Kevin Kelly Wouldn’t Treat His Worst Enemy The Way AEW Treated Him

As far as AEW goes, Kevin Kelly made it very clear that there is no water under the bridge as far as he’s concerned and he says he wouldn’t treat his worst enemy the way the company treated him:

Of course (I have ill feelings towards AEW for how things ended). I wouldn’t treat my worst enemy like that. Mike Mansury (told me I was being let go). The Executive Producer, and the new Vice President of Human Resources who I’d never met and spoke to ever before. I knocked the company on Twitter and vented on a voicemail to the H.R. lady that I had been working with.

Problem was I never knew where — I brought up this whole thing with Ian (Riccaboni) and they said, ‘Yes, good. Thank you for bringing it up.’ ‘What’s going to happen?’ I said, ‘What’s the process?’ ‘Well, we’ll discuss it, we’ll let you know’ and apparently, the disciplinary got together — committee got together and made a decision.

‘Okay, what was the decision?’ ‘Well, we can’t tell you because it’s private.’ ‘Wait a minute, I was the one who was the victim here. I need to know what happened so I could put this to bed in my mind.’ ‘Well, we just can’t tell you.’ ‘Okay, this is very upsetting for me. You have to understand this?’ ‘Nah, we really don’t understand and we don’t care.’ So, whatever. They’ll get theirs.

Kevin Kelly also opened up on how the situation has affected his mental health and admits he was much happier in NJPW than he ever was in Tony Khan’s company:

My mental health was not good, from when this began and it was taking a toll on my marriage, on my family, on me personally, physically, mentally, and I mean, it’s really nobody’s business, but, my mental health was not good. It’s better now, thank God. I’ve gotten some help, I’ve gotten fixed — well, working on being fixed, as we all can be.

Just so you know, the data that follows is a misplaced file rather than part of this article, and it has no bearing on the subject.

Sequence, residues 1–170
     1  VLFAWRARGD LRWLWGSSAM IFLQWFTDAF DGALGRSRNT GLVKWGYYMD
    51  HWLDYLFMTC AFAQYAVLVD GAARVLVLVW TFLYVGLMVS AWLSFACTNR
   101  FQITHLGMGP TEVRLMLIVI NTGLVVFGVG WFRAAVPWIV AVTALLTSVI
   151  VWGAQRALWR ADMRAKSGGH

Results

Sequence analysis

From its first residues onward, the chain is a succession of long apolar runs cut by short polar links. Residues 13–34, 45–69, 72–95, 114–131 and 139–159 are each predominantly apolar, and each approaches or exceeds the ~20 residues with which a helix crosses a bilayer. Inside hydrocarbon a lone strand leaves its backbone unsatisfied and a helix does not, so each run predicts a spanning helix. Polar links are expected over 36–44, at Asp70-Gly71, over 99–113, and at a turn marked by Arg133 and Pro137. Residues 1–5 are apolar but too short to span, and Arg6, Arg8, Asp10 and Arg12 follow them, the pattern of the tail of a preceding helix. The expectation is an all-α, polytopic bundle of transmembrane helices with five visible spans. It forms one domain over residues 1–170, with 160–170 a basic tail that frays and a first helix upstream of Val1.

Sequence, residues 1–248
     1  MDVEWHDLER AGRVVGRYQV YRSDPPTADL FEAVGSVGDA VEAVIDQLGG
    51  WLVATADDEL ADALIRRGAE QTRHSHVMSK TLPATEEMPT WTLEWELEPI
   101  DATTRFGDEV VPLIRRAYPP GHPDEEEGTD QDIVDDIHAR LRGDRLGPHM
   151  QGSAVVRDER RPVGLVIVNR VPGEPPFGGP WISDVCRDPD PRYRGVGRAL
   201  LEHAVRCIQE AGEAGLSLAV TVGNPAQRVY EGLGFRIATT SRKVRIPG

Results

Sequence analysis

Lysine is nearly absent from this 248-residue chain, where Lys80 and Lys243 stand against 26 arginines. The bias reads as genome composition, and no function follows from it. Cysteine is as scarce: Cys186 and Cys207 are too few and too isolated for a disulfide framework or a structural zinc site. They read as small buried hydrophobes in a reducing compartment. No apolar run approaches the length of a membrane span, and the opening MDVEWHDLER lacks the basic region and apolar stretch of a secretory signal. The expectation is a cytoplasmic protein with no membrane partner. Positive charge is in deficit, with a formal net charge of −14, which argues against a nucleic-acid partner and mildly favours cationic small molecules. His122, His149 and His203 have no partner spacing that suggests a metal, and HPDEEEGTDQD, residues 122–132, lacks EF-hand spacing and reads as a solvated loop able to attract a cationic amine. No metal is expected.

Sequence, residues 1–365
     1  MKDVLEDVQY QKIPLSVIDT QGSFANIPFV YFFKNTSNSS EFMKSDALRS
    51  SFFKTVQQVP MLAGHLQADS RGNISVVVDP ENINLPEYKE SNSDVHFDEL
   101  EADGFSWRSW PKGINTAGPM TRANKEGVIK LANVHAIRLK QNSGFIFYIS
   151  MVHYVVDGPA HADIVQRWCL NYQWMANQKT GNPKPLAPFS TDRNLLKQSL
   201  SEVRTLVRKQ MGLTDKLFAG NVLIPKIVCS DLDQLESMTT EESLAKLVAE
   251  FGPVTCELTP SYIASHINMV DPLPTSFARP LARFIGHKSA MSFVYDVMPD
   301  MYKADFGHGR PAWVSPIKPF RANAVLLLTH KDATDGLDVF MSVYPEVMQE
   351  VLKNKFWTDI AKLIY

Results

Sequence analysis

But, for a company that cares so much about their athletes… I booked an appointment with the psychiatrist and I got all the text messages of me just ranting and raving with the poor guy, David Weinstein. I set up an appointment with him on Thursday because we were taping TV that next day and then they fired me on Wednesday.

So, you guys really care about the people that you employ. So, yeah, it wasn’t about Ian at that point anymore. But I did kind of lump him in all of it. But now it’s like I’m trying to process it. So forgiving him is easy. Forgiving him, it’s already done as far as I’m concerned. But, again, you cannot do something like that.

It happened to a much greater extent — I’m not comparing myself to it at all — but to Hana Kimura. Because when you bring down the force of social media onto a person, wrongly accusing someone, there are consequences. You can’t do that, you shouldn’t do that and I mean, what happened to Hana, of course was much worse than what happened to me. I’m not even comparing those but, again, it’s the same type of thing and that’s really just it.

I was not a fit for AEW. I just felt like it was a very different kind of place and very stressful. So many people. There was so much chaos and it just really stressed me out a lot. So, I was much happier in New Japan, except for the flights.

h/t POST Wrestling